Government efficiency – A bill aiming to streamline the legislative process and save taxpayer dollars has cleared the Senate’s State and Local Government Committee.  Senate Bill 725 avoids duplication in state government by eliminating 11 joint oversight committees and shifting their responsibilities to the standing committees of each house of the General Assembly, saving the state $851,800. 

911 Funds — The full Senate has approved Senate Bill 293 to protect funds collected for Tennessee’s 911 emergency communications system from being diverted for other general fund purposes.  Ten million dollars have been diverted over the past several years.  This bill would ensure that citizens who are depending on the 911 emergency communications system will continue to be able to access emergency personnel in a timely fashion.   

Railroads —   The Senate Transportation Committee heard testimony tregarding the importance of Tennessee’s railroads to the state’s economy and relieving highway congestion.  Tennessee’s Shortline Railroads still play a vital role in the movement of freight to and from the state’s vital industries. Each year, railroads have kept hundreds of thousands of trucks off the highways, which has been especially important to help curb accidents on the state’s rural roads and secondary highways.  The officials said that since 1980 railroads have reduced accidents by 75 percent.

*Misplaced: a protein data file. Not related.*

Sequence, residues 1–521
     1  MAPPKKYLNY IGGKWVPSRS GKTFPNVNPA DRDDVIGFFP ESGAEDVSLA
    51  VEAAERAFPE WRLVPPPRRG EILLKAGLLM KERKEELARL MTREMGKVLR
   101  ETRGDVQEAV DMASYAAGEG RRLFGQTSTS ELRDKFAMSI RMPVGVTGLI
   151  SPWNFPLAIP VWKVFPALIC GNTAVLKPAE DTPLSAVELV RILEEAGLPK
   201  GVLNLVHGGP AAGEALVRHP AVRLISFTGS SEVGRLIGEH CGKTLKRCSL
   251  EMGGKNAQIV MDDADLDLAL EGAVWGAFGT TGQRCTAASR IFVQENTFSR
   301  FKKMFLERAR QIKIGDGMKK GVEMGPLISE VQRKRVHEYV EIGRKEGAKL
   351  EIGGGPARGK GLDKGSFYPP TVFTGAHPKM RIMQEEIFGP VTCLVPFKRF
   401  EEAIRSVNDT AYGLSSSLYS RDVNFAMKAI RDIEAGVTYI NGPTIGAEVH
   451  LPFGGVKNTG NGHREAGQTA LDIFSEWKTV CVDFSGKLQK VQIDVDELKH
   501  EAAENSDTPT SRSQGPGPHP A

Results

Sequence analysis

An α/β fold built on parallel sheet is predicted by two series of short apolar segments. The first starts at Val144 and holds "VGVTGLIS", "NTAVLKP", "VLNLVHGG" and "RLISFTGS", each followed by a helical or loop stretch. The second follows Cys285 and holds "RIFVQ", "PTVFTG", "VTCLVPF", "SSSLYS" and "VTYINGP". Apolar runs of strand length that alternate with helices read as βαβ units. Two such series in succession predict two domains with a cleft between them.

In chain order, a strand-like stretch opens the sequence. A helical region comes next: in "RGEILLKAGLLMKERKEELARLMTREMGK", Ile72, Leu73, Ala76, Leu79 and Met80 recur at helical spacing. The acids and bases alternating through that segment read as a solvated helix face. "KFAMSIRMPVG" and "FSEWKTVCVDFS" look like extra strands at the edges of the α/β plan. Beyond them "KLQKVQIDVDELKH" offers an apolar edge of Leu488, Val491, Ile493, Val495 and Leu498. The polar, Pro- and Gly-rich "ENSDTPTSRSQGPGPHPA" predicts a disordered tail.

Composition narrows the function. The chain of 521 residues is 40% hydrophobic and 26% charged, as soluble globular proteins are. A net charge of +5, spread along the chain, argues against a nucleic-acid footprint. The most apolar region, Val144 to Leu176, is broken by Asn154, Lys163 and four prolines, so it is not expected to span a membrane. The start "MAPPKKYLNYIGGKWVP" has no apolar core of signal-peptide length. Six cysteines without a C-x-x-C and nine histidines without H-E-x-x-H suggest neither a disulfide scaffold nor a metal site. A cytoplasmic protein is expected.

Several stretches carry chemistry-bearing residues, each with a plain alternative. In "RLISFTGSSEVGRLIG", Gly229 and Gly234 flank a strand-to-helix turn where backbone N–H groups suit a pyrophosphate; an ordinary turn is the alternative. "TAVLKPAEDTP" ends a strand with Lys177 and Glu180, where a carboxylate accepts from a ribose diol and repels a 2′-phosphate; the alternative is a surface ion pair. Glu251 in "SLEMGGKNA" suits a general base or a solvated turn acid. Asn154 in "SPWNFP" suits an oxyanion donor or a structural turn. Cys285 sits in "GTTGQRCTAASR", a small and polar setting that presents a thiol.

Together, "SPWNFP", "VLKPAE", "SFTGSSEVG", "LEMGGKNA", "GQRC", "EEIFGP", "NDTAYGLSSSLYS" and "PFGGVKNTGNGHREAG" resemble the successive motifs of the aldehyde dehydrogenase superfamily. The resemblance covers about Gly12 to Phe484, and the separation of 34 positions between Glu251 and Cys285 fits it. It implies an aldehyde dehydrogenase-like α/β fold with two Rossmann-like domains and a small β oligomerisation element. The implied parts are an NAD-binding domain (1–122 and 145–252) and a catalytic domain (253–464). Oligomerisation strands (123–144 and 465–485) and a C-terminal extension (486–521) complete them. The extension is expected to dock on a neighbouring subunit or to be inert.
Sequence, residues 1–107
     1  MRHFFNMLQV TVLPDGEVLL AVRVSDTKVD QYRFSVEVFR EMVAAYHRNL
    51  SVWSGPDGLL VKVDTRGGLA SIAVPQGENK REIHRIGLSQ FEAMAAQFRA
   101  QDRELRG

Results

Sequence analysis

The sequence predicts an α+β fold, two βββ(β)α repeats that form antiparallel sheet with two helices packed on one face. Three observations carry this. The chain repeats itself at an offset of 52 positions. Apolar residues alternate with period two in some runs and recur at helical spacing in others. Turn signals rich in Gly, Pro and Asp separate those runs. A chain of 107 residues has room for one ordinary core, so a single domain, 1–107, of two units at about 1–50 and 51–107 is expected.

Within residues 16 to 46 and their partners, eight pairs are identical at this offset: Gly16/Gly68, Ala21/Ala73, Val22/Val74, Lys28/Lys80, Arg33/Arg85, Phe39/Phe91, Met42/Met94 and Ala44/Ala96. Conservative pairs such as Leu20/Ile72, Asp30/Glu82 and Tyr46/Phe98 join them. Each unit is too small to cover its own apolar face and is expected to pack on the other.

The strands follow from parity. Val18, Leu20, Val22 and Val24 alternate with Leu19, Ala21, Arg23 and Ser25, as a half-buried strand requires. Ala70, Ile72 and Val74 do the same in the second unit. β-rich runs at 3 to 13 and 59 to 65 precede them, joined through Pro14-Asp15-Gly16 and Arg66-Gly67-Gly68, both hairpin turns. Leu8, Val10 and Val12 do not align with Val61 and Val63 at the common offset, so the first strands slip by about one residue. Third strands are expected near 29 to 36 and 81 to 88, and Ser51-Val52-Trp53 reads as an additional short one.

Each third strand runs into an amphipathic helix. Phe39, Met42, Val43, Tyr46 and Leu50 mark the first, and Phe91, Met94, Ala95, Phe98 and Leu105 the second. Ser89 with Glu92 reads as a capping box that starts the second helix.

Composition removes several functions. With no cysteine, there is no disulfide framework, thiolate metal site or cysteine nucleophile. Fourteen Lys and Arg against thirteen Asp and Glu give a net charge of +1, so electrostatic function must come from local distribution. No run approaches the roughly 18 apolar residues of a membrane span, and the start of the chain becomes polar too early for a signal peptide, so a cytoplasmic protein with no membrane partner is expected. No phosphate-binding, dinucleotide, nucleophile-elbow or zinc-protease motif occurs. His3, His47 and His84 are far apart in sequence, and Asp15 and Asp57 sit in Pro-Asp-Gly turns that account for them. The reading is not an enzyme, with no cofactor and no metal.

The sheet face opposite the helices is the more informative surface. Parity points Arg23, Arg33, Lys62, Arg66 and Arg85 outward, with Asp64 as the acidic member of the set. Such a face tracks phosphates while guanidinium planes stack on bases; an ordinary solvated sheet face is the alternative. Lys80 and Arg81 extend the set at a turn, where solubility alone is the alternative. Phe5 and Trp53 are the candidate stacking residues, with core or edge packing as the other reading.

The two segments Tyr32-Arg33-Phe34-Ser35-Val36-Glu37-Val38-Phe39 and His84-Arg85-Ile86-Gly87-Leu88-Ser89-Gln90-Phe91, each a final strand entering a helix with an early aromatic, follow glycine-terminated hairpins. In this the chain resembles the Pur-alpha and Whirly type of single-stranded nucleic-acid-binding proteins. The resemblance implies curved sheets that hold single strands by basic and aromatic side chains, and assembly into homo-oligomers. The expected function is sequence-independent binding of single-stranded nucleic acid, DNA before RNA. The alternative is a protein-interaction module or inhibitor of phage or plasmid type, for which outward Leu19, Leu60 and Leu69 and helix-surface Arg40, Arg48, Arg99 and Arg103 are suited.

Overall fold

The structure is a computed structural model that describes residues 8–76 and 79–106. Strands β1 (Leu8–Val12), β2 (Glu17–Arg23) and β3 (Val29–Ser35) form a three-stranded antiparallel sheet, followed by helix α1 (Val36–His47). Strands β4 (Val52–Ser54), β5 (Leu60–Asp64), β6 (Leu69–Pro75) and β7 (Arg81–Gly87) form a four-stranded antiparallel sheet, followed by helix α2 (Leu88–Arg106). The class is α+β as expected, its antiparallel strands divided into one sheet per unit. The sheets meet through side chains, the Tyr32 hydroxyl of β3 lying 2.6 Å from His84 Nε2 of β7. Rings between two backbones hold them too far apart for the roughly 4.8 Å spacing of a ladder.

Teachers / TCRS — The full Senate voted to change the method of appointment to serve on the Tennessee Consolidated Retirement System by broadening the base of Tennessee teachers eligible.  Senate Bill 102 , sponsored by Senator Dolores Gresham (R-Somerville), calls for three active teachers and one retired teacher to be appointed to the Board.  Current law requires appointment of three teachers by the Tennessee Education Association, even though an estimated half of Tennessee’s teachers belong to the organization.  The legislation, as amended, allows professional employee education groups to recommend appointees to the Speaker of the Senate and Speaker of the House of Representatives to provide greater fairness so all teachers can be considered for appointment to the TCRS Board.    

Environment / Waste Management — The Senate Environment, Conservation and Tourism Committee heard testimony from Waste Management Corporation regarding the company’s shifting capital investment away from landfills and toward recycling plants known as Materials Recovery Facilities (“MRFs”).  These MRFs enable single-stream recycling which allows consumers to place all recyclables into one bin.  These materials are then separated using forced air, optical scanning, and heavy-duty magnets.   Company representatives said they are giving a priority to the recycling of organic materials such as food scraps, yard trimmings, and wood waste.  This organic waste can be turned into compost and biogas which can be burned to generate electricity.